Using the clear command on the terminal only fools the user into thinking the screen has been can still see output from the previous commands when you scroll using the mouse. This makes life difficult when you are drowning in a tsunami of text.

Various solutions (escape code etc.) which can be found on the Internet are only variations of what the clear command already does.

So how do you clear the contents of a terminal in Linux for real?

  • 13
    This is not a programming question. It belongs on superuser. Voting to move. – Ken White Mar 20 '11 at 6:14
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    I'd categorize this as "software tools commonly used by programmers" (mentioned in the FAQ as valid). – Sandeep Datta Mar 20 '11 at 6:18
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    What you're really asking is "How can I clear the terminal's scroll-back buffer?" which is independent of the shell (Bash) or Ubuntu. – Dennis Williamson Mar 20 '11 at 11:23
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    "drowning in a tsunami of text," lol! Describes my situation perfectly :-) – Nate Oct 19 '15 at 14:18
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    That's a more general question, affecting not only Ubuntu or bash, as @Dennis noted. I'd change the topic "Clear the Ubuntu bash screen for real" --> "Clear a terminal screen for real" – Ra_ Apr 11 '16 at 14:54
up vote 424 down vote accepted

Use the following command to do a clear screen instead of merely adding new lines ...

printf "\033c"

yes that's a 'printf' on the bash prompt.

You will probably want to define an alias though...

alias cls='printf "\033c"'


\033 == \x1B == 27 == ESC

So this becomes <ESC>c which is the VT100 escape code for resetting the terminal. Here is some more information on terminal escape codes.


Here are a few other ways of doing it...

printf "\ec" #\e is ESC in bash
echo -en "\ec" #thanks @Jonathon Reinhart.
# -e    Enable interpretation of of backslash escapes
# -n    Do not output a new line


The above does not work on the KDE console (called Konsole) but there is hope! Use the following sequence of commands to clear the screen and the scroll-back buffer...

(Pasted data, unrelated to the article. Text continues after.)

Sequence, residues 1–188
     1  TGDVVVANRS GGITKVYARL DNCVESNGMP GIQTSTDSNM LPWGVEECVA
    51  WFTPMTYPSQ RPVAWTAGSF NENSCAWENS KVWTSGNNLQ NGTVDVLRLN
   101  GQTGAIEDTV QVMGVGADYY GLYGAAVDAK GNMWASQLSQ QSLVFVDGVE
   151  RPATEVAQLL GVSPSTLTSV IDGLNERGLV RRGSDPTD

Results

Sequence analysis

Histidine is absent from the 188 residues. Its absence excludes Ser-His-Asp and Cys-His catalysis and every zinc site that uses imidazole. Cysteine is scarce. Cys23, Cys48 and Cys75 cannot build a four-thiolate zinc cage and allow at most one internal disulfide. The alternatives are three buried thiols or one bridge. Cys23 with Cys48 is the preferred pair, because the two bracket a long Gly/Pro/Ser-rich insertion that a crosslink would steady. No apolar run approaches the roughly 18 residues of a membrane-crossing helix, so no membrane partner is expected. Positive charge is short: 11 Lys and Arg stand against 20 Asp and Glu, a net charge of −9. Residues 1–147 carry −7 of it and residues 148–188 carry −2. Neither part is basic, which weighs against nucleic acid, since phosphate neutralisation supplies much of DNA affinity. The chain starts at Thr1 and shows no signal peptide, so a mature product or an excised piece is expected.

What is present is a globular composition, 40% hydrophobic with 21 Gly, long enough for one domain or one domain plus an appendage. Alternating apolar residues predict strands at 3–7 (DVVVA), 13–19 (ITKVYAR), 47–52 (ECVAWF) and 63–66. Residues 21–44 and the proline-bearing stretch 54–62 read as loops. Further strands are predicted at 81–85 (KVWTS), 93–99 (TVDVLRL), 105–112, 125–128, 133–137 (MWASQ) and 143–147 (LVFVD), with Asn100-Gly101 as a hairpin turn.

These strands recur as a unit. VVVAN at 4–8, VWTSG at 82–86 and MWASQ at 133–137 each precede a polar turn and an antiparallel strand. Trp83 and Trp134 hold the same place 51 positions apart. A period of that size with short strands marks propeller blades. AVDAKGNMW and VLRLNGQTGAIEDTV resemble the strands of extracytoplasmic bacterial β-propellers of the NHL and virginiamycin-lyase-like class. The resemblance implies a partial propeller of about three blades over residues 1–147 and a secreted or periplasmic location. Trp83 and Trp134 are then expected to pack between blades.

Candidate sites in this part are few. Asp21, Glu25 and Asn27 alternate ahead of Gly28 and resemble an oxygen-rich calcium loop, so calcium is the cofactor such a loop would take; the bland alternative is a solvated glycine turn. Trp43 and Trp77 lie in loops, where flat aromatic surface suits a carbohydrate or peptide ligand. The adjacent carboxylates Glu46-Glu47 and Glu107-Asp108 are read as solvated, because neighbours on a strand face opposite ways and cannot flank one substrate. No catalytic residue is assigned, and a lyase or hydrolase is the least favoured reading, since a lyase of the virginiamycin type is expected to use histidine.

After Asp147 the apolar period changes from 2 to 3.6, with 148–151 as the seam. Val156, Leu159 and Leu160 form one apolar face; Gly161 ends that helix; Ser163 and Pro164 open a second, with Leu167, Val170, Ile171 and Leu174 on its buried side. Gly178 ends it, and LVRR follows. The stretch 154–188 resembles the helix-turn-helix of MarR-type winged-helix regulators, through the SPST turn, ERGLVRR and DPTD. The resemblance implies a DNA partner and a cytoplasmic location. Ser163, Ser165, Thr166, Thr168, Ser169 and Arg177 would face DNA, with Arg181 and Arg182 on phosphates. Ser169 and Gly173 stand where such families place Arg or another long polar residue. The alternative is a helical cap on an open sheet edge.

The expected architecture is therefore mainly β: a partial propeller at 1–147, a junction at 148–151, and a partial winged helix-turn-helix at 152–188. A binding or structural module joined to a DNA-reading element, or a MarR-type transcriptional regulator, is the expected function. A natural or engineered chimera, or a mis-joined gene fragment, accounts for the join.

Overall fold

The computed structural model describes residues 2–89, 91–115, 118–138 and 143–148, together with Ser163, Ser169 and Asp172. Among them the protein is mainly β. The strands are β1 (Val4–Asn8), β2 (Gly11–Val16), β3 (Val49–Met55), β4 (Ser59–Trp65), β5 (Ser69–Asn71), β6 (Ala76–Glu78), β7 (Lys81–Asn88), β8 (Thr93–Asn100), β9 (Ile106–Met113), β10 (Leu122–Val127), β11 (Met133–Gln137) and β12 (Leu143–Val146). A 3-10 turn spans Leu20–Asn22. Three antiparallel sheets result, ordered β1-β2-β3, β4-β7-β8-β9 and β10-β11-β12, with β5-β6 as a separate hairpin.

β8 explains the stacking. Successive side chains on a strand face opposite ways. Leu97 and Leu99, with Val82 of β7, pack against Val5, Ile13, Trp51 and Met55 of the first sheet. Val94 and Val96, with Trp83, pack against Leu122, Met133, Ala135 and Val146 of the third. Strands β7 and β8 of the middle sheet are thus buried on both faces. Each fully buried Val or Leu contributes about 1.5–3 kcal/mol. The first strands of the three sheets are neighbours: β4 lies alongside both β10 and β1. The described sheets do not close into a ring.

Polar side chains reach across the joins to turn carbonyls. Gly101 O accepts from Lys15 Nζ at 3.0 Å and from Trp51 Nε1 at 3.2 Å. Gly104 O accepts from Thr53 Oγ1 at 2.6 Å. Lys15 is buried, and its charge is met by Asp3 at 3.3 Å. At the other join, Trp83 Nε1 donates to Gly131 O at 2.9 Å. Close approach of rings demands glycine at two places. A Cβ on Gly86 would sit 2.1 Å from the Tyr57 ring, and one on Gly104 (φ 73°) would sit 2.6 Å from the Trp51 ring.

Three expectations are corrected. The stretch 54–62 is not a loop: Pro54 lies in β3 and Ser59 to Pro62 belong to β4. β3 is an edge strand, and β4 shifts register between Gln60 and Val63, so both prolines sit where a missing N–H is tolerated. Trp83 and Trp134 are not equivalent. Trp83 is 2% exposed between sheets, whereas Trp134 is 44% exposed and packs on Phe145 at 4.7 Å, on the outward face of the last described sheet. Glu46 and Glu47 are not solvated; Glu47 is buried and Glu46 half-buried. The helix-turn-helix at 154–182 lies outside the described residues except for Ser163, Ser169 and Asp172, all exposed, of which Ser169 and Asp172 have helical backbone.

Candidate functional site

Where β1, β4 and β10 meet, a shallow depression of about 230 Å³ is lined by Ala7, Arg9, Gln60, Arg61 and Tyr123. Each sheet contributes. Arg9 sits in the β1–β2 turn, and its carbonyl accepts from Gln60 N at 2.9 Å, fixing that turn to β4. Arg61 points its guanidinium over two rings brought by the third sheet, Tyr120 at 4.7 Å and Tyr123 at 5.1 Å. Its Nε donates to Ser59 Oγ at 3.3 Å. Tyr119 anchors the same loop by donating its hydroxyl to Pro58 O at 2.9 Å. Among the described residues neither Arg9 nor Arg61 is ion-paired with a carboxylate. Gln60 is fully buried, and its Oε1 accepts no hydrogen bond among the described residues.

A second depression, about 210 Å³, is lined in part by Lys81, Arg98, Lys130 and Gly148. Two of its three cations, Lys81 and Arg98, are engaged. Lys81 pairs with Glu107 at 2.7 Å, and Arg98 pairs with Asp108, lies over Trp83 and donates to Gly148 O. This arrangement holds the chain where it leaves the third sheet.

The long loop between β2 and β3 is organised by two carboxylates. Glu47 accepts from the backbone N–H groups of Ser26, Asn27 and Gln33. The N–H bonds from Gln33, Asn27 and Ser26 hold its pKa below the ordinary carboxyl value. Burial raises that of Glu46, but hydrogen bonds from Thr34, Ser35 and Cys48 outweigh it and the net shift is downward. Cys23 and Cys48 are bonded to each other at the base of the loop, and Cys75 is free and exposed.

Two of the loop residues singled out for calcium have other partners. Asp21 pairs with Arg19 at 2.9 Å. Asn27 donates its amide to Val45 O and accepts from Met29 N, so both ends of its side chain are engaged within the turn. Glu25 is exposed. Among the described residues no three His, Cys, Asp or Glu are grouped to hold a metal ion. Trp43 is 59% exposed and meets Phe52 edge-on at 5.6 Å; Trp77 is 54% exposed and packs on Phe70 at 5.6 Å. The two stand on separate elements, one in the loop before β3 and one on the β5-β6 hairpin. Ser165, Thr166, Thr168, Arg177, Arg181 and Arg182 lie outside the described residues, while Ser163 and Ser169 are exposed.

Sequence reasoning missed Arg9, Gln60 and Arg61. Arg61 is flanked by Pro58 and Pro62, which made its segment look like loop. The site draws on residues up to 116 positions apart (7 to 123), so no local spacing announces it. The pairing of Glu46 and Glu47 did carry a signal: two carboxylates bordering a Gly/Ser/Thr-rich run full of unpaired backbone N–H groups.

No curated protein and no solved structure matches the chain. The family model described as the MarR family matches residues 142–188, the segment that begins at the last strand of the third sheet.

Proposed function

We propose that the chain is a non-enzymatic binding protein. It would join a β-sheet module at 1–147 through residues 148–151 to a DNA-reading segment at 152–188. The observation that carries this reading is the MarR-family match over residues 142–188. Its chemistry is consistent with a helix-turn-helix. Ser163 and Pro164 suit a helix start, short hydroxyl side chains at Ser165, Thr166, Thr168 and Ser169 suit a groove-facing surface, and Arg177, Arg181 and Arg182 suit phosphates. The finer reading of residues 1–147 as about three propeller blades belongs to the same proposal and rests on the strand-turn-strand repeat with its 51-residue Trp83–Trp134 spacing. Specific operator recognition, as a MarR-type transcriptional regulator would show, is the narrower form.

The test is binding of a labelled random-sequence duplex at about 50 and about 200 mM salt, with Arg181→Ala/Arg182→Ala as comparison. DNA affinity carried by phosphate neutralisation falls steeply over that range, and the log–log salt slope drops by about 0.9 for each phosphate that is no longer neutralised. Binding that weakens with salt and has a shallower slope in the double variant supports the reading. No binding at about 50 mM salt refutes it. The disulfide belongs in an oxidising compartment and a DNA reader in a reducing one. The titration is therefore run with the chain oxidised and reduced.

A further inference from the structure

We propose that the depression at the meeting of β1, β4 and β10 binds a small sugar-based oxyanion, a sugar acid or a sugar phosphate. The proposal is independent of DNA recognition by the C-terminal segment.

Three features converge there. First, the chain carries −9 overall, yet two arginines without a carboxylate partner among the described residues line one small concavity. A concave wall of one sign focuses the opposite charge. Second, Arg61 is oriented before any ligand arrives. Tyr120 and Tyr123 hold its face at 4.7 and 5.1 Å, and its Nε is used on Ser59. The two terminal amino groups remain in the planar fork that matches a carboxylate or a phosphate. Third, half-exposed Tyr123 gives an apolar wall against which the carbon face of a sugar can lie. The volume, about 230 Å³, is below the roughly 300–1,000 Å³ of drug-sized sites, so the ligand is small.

clear && echo -en "\e[3J"

Or perhaps use the following alias on KDE...

alias cls='clear && echo -en "\e[3J"'

I got the scroll-back clearing command from here.

  • 3
    This is actually terminal specific. "\033c" is ESC c which is the VT-XXX escape sequence for "Full Reset (RIS)". Almost all terminals people actually use these days are VT compatible, but if you ever find yourself using a weird terminal, this might not work. @vpit3833's answer is more likely to work assuming TERM is set correctly. – Laurence Gonsalves Mar 20 '11 at 6:35
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    printf is a Bash builtin (it's true that it's also a separate binary, but builtins have precedence and most modern shells have printf). – Dennis Williamson Mar 20 '11 at 11:22
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    @SDX2000 OK ... I know you specified Ubuntu, and I assumed that these would behave similar on all "modern" terminal emulators. I initially tested on my MAC's terminal and it did not reset there, but it did reset on my Centos Linux. – nhed Mar 20 '11 at 18:14
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    echo -en "\033c" – Jonathon Reinhart Oct 12 '11 at 22:52
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    $0.02 a few years later, but i'm a student at CU. Asked my operating systems professor and he said this was an example of ANSI escape sequence: This is an example of in-band signalling. – abgordon Feb 19 '16 at 1:01

Try reset. It clears up the terminal screen but the previous commands can be accessed through arrow or whichever key binding you have.

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    Thanks! But it clears every thing including the prompt. See my answer for a solution which doesn't do this. – Sandeep Datta Mar 20 '11 at 6:15
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    @SDX2000 Both clear the prompt, and then the shell generates a new one. The one disadvantage to reset is that it seems to be a bit slower (probably because it does more than just emit ESC c) but it's more portable. – Laurence Gonsalves Mar 20 '11 at 6:29